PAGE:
Breaking Local News
Because of yesterday's weather, the trash pickup schedule in Charleston had to be adjusted. Thursday trash pickup routes will run today, and Friday routes will run on Saturday.
In-home water testing is underway in two Kanawha County homes, and eight other homes across the are impacted by the January 9th Freedom Industries chemical spill. The testing looks at drinking water quality including the odor, then in the next phase health-risks will be assessed with medical professionals. Results of the tests aren't available yet, but the testing has begun in Kanawha and Cabell Counties.
Kanawha County Schools and members of the Kanawha Charleston Health Department looked into issues with bottled water Wednesday at three schools after there were complaints of a musty odor. The affected schools were Sharon Dawes Elementary, John Adams Middle School and Andrew Jackson Middle School. The musty smell may be confined to one particular brand of water, and tests have concluded the smell may be related to where the water was store prior to being shipped to the schools.
It may be a week before all the evidence of Tuesday's coal slurry spill is gone, although crews have been making progress with the cleanup. The slurry spilled in Fields Creek and DEP Cabinet Secretary Randy Huffman said the spill did impact the Kanawha River. While the cleanup is happening, state mine inspectors have shut down Patriot Coal's Kanawha Eagle Prep Plant near Winifrede. Huffman says the slurry contains heavy metals and other toxins, but not Crude MCHM, which is what spilled at the Freedom Industries Plant January 9th.
Alpha Natural Resources says federal prosecutors have closed a $210 million settlement stemming from a West Virginia mine explosion that killed 29 workers in 2010. Under the settlement, Bristol, Va.-based Alpha would face no criminal charges in the Upper Big Branch explosion as long as it abided by the agreement's terms. The agreement required Alpha to compensate the miners' families, bankroll cutting-edge safety improvements and pay for years of violations by the mine's former owner, Massey Energy. Alpha executive vice president and general counsel Vaughn Groves says in a news release that the company has met or exceeded its obligations.
A legislative committee unanimously passed an amended bill Wednesday that proposes new regulations for above-ground storage tanks following last month's chemical spill. The latest version of the bill passed by the House health committee would require annual inspections for tanks like the one at Freedom Industries that leaked chemicals January 9th. The proposal also requires public water systems to have plans in place to protect their water from spills, and react quickly when they occur. The bill has two more House committee stops. The Senate already passed its own version.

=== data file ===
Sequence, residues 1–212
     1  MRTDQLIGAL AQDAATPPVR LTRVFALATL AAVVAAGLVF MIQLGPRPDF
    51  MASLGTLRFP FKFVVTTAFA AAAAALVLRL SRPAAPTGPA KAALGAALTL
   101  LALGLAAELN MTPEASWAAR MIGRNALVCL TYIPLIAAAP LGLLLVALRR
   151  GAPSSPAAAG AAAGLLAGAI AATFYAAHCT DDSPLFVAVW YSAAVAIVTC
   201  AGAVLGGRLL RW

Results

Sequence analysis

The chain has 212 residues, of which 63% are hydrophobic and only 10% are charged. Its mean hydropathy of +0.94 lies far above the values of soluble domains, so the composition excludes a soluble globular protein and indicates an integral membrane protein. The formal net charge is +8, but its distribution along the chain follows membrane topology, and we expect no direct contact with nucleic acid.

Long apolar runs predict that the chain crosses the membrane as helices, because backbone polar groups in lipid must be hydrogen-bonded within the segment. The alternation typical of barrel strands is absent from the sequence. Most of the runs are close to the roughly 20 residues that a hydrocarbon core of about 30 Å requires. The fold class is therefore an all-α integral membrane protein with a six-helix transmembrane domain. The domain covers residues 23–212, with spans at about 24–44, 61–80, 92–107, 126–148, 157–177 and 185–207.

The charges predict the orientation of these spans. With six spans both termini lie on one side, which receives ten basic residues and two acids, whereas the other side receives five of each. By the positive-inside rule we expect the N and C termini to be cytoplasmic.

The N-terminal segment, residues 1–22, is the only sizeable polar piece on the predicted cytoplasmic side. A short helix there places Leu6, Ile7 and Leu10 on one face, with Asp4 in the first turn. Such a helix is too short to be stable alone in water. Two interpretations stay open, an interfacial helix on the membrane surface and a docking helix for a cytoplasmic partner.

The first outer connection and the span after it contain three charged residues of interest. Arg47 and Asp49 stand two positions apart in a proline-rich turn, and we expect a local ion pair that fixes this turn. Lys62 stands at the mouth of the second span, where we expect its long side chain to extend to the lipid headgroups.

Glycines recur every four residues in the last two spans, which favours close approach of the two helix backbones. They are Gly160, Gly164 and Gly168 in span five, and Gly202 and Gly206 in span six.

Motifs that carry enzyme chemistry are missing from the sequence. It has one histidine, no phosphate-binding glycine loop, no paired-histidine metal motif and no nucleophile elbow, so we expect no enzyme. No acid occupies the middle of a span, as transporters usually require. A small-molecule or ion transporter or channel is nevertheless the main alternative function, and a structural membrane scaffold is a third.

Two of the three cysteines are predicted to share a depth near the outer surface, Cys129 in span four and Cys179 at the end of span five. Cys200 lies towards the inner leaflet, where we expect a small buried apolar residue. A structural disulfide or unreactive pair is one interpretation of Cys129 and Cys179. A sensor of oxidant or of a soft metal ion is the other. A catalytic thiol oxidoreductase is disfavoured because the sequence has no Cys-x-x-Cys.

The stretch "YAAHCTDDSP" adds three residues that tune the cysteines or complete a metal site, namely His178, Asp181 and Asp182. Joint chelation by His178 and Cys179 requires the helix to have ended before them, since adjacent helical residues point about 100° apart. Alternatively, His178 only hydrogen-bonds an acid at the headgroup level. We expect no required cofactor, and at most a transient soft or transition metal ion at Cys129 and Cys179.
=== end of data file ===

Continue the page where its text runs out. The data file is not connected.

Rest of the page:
The state Division of Highways has reopened a section of road that had been closed for weeks because of a rock fall The section of West Virginia Route 3 in the Raleigh County area of Sundial has been closed since late December because of fallen rocks, according to a news release from the DOH. It's slow going though, and speeds are reduced to 15 mph until the road can be repaved this spring. But the hillside has been stabilized, and the repairs have been made to ensure it's safe for motorists.
Funeral services are happening today for a Clendenin Firefighter who passed away last weekend in a car accident. Volunteer firefighter Lt. Nathan Smith's funeral will be held at 2 p.m. today at Mount Pleasant Baptist Church in Elkview. Smith was a 13-year veteran of the Clendenin Fire Department.
A coal slurry leak in Eastern Kanawha County is not expected to impact water supplies. The West Virgina Department of Environmental Protection has been investigating the slurry line rupture, which impacted Fields Creek, and that flows into the Kanawha River. West Virginia American Water released a statement saying its Kanawha Valley Water Treatment Plant would not be affected, and there are reports that the leak has since stopped. The Dept. of Environmental Protection says the Kanawha River was impacted, but exactly how much will take more fact-finding.
The West Virginia Senate has unanimously passed a bill to ensure vacancies on higher education commissions, councils and boards are filled in a timely manner. Some vacancies on these higher education boards have been left empty for as long as six months in the past, and right now there are 15 people serving on boards whose terms are expired. This Senate Bill 426 went into effect Monday and gives the governor 30 days to appoint a member to fill any vacancy. The bill also prevents members whose terms have expired from serving more than 60 days after their term ends.